Do you see the difference? Do you see the difference between a Levite serving for ten shekels and a shirt or a Micah building a chapel because “God will do you good” and someone that repents for the glory of God?

Why should a person come to the cross? Why should a person embrace death with Christ? Why should a person be willing to go in identification down to the cross and into the tomb and up again? I’ll tell you why! BECAUSE IT’S THE ONLY WAY THAT GOD CAN GET GLORY OUT OF A HUMAN BEING! If you say it’s because he’ll get joy or peace or blessing or success or fame then it’s nothing but a Levite serving for ten shekels and a shirt.


And that’s because until you come to the place of union with Christ in death you are defrauding the Son of God of the glory that He could get out of your life. For no flesh shall glory in His sight. And until you’ve understood the sanctifying work of God by the Holy Ghost taking you into union with Christ in death and burial and resurrection, you have to serve in what you have. And all you have is under the sentence of death: human personality, human nature, human strength, and human energy. And God will get no glory out of that!

So the reason for you to go to the cross isn’t that you’re going to get victory. You will get victory. It isn’t that you’re going to have joy. You will have joy. But the reason for you to embrace the cross and press through until you know that you can testify with Paul, “I am crucified with Christ” (Gal 2:20), isn’t what you’re going to get out of it, but what He’ll get out of it, for the glory of God.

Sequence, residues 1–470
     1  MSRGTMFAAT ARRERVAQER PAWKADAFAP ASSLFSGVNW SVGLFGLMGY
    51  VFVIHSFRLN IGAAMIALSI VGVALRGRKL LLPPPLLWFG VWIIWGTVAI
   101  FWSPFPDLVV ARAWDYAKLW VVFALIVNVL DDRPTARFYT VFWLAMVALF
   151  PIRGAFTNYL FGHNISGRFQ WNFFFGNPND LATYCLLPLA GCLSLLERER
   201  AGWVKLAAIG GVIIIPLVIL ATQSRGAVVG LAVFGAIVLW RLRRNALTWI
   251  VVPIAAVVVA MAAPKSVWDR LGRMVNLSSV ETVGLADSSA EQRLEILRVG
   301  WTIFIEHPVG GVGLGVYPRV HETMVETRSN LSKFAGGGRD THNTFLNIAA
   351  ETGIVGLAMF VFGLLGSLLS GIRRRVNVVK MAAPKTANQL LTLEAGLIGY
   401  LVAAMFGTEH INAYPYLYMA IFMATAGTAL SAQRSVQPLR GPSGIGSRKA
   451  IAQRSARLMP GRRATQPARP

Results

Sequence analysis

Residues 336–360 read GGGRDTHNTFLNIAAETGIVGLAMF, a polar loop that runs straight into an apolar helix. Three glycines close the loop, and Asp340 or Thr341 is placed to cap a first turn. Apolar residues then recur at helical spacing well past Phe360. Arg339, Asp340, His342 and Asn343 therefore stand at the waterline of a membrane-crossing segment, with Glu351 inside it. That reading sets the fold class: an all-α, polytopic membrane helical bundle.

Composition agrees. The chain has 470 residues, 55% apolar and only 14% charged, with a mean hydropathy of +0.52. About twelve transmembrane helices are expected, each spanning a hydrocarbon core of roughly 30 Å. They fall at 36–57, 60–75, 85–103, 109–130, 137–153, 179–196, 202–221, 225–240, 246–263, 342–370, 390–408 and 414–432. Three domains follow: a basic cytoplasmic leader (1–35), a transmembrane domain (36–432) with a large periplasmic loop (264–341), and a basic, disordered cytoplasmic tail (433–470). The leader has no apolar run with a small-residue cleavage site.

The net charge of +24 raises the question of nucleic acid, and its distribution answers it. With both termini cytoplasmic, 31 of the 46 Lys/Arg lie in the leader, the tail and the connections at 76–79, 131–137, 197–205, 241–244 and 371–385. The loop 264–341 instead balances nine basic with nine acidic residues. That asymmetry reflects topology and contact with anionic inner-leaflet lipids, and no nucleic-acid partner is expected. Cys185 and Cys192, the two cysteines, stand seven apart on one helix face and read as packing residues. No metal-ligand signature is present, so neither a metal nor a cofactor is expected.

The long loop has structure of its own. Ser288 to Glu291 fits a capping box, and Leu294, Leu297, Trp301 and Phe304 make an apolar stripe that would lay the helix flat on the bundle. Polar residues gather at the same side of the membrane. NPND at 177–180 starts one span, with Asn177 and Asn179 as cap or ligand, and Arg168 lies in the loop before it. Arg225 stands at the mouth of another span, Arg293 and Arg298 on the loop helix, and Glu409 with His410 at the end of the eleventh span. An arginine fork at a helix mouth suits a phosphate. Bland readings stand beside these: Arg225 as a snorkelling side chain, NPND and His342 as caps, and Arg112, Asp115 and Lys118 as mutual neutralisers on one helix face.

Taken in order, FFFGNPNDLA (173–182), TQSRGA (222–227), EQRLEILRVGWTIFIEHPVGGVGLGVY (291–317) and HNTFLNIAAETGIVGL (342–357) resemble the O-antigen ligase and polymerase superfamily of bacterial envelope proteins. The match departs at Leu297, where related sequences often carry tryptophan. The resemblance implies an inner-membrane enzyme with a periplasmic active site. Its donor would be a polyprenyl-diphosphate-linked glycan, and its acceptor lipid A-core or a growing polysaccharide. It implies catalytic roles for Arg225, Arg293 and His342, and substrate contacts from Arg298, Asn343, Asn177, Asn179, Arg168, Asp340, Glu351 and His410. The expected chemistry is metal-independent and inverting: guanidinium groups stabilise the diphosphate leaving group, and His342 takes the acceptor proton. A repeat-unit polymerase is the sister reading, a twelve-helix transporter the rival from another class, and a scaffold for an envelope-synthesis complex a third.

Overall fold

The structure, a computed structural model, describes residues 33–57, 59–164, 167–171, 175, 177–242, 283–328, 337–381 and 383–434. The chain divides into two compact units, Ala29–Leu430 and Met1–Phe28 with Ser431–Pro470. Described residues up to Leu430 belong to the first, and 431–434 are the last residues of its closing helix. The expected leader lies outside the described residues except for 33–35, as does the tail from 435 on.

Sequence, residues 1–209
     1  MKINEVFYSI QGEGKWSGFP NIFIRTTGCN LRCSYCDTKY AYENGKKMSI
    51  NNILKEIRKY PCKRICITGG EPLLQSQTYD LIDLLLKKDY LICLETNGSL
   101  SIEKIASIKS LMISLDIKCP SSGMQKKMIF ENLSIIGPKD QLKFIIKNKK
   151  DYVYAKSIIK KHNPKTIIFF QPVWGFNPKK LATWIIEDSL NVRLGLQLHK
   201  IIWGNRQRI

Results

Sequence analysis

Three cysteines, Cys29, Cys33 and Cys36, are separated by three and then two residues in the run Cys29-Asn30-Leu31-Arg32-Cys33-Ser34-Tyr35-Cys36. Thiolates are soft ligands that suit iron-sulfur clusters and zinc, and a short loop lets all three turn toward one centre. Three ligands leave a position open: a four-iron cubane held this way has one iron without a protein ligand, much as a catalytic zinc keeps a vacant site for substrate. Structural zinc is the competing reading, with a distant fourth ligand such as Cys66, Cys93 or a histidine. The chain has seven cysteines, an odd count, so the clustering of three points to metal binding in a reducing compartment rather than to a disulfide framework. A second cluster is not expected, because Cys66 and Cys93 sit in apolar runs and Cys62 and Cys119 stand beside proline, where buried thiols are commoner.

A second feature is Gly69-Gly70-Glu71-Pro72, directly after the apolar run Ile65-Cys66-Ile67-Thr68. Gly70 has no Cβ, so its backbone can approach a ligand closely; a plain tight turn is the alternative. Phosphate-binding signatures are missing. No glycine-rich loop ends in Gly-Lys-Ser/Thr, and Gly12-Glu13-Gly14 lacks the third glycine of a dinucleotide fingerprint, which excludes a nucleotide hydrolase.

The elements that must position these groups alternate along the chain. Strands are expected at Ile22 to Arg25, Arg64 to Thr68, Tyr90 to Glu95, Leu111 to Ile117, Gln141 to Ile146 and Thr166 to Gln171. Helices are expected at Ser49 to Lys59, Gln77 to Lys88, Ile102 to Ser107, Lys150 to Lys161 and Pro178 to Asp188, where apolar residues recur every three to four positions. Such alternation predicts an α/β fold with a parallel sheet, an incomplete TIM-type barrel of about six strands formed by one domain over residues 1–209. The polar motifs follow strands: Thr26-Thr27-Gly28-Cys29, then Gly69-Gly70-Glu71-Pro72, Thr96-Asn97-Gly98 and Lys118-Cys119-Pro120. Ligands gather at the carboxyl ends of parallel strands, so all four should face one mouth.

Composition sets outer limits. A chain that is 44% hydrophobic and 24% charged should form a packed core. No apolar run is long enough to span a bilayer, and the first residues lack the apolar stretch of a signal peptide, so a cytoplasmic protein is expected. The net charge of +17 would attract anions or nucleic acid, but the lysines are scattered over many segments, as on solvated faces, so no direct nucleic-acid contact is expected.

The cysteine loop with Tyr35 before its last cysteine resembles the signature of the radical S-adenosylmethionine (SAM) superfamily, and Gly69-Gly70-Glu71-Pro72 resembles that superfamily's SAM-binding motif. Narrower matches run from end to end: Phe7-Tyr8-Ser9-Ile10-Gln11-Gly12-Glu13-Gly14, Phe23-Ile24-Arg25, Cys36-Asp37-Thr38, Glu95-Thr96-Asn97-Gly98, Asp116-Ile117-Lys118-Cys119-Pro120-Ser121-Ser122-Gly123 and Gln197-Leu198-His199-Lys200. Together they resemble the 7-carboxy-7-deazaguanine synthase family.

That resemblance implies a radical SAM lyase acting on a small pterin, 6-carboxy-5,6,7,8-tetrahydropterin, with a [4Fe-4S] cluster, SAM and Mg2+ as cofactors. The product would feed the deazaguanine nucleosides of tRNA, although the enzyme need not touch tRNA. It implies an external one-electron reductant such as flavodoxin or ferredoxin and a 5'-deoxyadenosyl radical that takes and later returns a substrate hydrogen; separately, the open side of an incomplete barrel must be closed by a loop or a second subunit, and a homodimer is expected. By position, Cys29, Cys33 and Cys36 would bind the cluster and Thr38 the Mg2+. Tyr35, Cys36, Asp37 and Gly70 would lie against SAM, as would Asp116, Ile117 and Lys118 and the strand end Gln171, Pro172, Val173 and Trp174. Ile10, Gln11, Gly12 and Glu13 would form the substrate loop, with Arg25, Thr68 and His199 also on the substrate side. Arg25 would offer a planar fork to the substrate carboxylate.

By the same token: Why aren’t you pressed through to know the fullness of the Holy Spirit? Why aren’t you pressed through to know the fullness of Christ? I’ll tell you why! BECAUSE THE ONLY POSSIBLE WAY THAT JESUS CHRIST WILL GET GLORY OUT OF A LIFE THAT HE’S REDEEMED WITH HIS PRECIOUS BLOOD IS WHEN HE CAN FILL THAT LIFE WITH HIS PRESENCE AND LIVE IN IT THROUGH HIS OWN LIFE.

The genius of our faith wasn’t that we were going to go through the motions like a Levite that was hired to serve God. No, No! The genius of our faith was that we’d come to a place where we knew we could do nothing, and all we could do would be to present the vessel and say, “Lord Jesus, You’ll have to fill it. And everything that’s done will have to be done by You and for You.” But, oh, I know so many people that are trying to know the fullness of God so that they can use God.

The Power of the Spirit

A young preacher came to me down in Huntington, West Virginia. He said, “Brother Reidhead, I’ve got a great church. I’ve got a wonderful Sunday School program, got a growing radio ministry, but I feel a personal need and a personal lack. I need to be baptized with the Holy Ghost. I need to be filled with the Spirit. And someone told me God had done something for you, and I wonder if you could help me?”

I looked at the fellow, and you know what he looked like? ME. Just looked like me. I just saw in him everything that was in me. You thought I was going to say me before. No, listen dear heart, if you’ve ever seen yourself you’ll know you’re never going to be anything else than you were. “For in me and my flesh there’s no good thing” (Rom 7:18). He looked like me. He was like a fellow driving up in a big Cadillac to someone standing at the filling station, saying “Fill ‘er up Bub, with the highest octane you got!”